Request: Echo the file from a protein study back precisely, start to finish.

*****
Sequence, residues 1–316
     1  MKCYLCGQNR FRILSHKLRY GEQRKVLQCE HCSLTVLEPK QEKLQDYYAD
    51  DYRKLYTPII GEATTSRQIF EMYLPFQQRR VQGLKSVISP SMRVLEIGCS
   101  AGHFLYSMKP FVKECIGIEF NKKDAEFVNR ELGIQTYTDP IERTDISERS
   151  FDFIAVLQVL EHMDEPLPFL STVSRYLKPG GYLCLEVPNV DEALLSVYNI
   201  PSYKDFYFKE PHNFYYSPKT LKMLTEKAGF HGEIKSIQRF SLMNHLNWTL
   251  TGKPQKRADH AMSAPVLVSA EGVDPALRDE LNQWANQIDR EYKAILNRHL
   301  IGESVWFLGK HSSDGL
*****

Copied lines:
Sequence, residues 1–316
     1  MKCYLCGQNR FRILSHKLRY GEQRKVLQCE HCSLTVLEPK QEKLQDYYAD
    51  DYRKLYTPII GEATTSRQIF EMYLPFQQRR VQGLKSVISP SMRVLEIGCS
   101  AGHFLYSMKP FVKECIGIEF NKKDAEFVNR ELGIQTYTDP IERTDISERS
   151  FDFIAVLQVL EHMDEPLPFL STVSRYLKPG GYLCLEVPNV DEALLSVYNI
   201  PSYKDFYFKE PHNFYYSPKT LKMLTEKAGF HGEIKSIQRF SLMNHLNWTL
   251  TGKPQKRADH AMSAPVLVSA EGVDPALRDE LNQWANQIDR EYKAILNRHL
   301  IGESVWFLGK HSSDGL